Every time it rains, dog waste washes into nearby streams and ponds from locations on the street, the sidewalk, on trails, and even in the grass in our yards.
The waste – really, a form of fertilizer with bacteria and viruses aboard – may be transported into streams and ponds, via rain or melting snow flowing over the landscape. Or, the water may carry the waste into a catchbasin in the street, then through underground pipes, and straight into a waterway.
Once in a waterway, dog waste not only causes pollution but also adds nutrients (fertilizer), which can nurture excessive growth of algae and aquatic plants. When this mass growth of plants and algae eventually dies and breaks down, the process removes oxygen from the water, stressing and potentially killing fish.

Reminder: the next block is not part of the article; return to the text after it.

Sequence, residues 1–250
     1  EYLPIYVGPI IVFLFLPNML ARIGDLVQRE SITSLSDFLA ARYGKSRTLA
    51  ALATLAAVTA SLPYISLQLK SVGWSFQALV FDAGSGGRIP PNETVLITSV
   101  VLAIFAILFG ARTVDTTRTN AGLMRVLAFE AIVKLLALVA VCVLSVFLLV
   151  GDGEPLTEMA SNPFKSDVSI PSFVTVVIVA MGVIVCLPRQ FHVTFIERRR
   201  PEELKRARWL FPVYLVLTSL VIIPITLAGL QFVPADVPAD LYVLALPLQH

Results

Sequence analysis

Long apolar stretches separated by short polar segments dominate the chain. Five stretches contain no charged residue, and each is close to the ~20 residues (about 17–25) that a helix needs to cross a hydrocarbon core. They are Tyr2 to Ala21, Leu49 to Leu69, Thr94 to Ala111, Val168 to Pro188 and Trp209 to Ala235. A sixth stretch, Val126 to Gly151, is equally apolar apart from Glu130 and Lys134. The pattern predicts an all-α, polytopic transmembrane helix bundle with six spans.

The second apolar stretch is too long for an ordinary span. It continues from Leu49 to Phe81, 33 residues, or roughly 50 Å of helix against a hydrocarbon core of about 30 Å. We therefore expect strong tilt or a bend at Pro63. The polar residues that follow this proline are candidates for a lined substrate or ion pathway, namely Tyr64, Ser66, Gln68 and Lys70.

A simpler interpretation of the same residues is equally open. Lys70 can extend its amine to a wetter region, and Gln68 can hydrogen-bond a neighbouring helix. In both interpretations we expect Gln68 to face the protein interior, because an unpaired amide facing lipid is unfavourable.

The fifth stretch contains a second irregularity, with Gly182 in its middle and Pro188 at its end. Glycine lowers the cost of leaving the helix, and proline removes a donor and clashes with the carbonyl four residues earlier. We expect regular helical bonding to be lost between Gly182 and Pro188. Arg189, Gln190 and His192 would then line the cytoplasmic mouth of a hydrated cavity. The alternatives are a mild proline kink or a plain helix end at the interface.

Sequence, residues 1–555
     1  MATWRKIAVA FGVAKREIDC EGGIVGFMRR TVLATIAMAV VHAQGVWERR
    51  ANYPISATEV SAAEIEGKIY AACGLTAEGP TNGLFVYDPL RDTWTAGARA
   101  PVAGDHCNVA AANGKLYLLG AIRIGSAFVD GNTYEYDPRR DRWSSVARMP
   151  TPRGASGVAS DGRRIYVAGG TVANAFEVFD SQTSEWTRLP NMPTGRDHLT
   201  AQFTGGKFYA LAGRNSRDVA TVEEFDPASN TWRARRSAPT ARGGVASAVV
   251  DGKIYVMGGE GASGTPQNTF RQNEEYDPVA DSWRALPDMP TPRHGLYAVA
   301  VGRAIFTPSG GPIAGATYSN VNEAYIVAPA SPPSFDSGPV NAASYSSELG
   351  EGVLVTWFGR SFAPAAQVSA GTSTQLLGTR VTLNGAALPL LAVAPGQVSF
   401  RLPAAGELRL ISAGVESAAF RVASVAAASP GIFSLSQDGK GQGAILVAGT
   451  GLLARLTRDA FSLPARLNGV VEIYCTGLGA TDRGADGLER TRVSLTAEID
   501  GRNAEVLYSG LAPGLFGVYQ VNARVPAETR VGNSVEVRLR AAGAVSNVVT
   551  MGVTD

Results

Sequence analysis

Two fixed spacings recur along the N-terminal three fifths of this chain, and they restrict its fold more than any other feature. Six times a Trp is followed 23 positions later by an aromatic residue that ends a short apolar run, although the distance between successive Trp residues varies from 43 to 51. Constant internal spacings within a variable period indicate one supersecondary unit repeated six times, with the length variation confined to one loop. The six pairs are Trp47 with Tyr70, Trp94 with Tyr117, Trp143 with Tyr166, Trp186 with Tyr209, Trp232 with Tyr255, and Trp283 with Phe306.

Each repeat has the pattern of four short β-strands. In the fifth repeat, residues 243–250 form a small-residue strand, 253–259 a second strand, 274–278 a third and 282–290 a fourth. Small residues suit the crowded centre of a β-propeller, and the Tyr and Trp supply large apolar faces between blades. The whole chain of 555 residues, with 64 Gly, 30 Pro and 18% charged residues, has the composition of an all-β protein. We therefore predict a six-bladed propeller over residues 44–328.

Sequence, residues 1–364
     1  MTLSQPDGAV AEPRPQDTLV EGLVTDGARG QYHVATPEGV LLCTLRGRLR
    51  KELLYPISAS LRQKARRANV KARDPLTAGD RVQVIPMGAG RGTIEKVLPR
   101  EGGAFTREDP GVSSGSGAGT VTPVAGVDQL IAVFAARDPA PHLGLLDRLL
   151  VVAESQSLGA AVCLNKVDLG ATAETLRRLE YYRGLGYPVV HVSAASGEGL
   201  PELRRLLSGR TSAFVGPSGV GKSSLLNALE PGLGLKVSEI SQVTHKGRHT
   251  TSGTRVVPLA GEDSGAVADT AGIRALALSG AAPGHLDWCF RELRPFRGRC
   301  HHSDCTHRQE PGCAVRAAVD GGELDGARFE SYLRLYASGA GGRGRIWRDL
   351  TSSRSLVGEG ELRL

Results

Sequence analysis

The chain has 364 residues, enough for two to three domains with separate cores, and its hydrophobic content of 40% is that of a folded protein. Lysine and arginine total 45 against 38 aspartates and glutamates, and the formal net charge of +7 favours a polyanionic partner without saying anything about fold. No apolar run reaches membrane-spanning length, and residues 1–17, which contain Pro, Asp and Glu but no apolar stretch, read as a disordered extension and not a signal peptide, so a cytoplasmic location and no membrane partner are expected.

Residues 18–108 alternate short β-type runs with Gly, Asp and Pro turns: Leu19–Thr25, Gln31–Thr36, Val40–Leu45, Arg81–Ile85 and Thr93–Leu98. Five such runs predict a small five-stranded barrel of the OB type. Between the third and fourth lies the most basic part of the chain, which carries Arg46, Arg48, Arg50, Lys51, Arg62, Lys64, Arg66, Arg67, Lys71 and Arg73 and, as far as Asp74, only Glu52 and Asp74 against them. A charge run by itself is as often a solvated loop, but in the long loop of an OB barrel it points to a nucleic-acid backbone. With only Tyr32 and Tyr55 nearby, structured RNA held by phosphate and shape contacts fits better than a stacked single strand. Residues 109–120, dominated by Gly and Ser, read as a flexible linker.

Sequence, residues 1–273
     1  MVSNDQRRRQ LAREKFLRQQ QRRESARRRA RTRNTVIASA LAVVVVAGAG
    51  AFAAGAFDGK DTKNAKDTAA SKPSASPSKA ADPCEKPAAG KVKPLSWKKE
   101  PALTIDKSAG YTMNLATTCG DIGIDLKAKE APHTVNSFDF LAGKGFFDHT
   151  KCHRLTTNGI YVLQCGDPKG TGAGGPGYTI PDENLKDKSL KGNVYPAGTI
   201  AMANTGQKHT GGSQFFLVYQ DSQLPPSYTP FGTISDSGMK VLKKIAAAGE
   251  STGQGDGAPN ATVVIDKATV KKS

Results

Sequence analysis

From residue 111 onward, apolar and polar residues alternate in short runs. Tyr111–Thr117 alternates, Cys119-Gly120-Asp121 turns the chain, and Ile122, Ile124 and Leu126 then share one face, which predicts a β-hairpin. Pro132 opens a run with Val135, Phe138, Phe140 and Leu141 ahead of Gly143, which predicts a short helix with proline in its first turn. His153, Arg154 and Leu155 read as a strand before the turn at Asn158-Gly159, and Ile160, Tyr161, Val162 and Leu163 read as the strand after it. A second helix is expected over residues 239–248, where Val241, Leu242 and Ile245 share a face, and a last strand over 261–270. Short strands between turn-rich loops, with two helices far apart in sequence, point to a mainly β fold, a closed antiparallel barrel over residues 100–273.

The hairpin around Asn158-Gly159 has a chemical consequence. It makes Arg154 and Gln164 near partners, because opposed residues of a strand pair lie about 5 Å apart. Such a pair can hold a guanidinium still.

The viruses in dog feces also can sicken the people and wildlife that use the waterways.
Unfortunately, because so many people have dogs, the waste really piles up.
How you can help
As a pet-owner, you can lead the way in cleaning up your community streams and ponds by simply picking-up after your dog. This quick, simple activity can make all the difference.
By being a responsible pet owner, you set an example for your neighbors to follow.
And if you ride horses, it’s important to pick-up after your horse, too.